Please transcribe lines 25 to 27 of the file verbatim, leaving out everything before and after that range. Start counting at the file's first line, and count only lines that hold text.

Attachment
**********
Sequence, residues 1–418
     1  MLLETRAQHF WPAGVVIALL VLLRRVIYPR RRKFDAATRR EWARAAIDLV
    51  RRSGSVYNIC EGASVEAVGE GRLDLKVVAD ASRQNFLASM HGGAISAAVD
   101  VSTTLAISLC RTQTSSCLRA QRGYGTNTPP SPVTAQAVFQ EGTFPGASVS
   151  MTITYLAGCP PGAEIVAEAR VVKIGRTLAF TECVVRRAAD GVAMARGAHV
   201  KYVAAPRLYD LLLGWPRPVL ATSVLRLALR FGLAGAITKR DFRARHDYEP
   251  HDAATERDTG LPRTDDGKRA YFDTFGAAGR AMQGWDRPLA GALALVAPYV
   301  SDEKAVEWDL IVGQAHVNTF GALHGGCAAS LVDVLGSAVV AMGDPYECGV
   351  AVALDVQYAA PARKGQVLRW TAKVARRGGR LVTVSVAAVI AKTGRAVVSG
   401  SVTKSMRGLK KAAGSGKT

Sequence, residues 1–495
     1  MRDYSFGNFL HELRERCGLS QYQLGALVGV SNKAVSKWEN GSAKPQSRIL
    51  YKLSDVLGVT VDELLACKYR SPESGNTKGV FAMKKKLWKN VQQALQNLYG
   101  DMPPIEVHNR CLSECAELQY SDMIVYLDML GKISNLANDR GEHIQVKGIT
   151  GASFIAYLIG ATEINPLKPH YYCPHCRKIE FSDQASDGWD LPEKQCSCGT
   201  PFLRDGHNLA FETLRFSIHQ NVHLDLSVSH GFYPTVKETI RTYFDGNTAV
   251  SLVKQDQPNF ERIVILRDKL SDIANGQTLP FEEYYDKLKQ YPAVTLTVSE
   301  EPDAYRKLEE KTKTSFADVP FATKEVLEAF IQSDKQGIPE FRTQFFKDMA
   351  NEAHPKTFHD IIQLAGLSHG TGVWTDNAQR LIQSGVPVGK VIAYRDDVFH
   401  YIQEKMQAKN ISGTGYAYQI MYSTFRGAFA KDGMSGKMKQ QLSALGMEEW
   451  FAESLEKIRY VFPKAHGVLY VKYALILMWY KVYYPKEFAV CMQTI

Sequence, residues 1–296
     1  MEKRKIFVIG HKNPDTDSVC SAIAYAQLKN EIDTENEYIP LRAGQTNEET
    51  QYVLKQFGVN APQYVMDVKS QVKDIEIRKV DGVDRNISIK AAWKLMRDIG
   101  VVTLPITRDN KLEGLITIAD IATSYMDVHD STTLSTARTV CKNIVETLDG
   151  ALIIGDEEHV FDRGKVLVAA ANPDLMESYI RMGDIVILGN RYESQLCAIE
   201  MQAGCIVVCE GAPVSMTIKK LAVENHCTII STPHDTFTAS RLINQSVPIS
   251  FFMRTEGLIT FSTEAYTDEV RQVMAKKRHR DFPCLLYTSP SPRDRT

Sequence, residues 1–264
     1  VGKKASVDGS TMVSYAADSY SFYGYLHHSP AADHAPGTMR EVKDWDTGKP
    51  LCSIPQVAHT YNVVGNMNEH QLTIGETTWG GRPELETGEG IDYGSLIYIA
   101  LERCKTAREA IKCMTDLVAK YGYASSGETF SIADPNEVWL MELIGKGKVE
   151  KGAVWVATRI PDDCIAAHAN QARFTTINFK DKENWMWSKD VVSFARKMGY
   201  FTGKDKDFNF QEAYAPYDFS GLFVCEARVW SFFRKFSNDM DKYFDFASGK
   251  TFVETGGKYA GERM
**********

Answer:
   101  VVTLPITRDN KLEGLITIAD IATSYMDVHD STTLSTARTV CKNIVETLDG
   151  ALIIGDEEHV FDRGKVLVAA ANPDLMESYI RMGDIVILGN RYESQLCAIE
   201  MQAGCIVVCE GAPVSMTIKK LAVENHCTII STPHDTFTAS RLINQSVPIS